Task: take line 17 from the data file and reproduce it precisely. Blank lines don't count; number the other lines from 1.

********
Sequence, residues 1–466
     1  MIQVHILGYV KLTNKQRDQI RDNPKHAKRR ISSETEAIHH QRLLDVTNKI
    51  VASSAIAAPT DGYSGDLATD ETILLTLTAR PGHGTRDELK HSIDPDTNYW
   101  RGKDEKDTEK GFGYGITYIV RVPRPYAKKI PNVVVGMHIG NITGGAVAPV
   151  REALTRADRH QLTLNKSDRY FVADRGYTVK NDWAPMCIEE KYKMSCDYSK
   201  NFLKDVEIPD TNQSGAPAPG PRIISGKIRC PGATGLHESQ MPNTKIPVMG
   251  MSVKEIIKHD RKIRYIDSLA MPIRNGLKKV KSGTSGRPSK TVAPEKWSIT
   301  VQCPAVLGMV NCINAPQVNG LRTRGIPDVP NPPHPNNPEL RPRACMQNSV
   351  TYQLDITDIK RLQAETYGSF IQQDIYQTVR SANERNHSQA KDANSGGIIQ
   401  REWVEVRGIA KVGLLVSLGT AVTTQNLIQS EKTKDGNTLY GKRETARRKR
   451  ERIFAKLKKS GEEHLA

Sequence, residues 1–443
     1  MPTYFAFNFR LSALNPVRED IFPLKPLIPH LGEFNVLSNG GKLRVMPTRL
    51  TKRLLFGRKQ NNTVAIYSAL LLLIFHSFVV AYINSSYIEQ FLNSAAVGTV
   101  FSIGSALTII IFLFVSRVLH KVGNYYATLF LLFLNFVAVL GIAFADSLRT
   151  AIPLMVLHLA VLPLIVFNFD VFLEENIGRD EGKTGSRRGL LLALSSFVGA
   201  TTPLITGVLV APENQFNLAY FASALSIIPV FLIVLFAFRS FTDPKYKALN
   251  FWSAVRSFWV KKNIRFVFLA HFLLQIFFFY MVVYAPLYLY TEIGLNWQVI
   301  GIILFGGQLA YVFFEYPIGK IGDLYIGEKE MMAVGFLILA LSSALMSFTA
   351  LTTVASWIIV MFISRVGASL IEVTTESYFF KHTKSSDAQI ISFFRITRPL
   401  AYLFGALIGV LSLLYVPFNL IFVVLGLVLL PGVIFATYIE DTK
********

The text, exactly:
   201  TTPLITGVLV APENQFNLAY FASALSIIPV FLIVLFAFRS FTDPKYKALN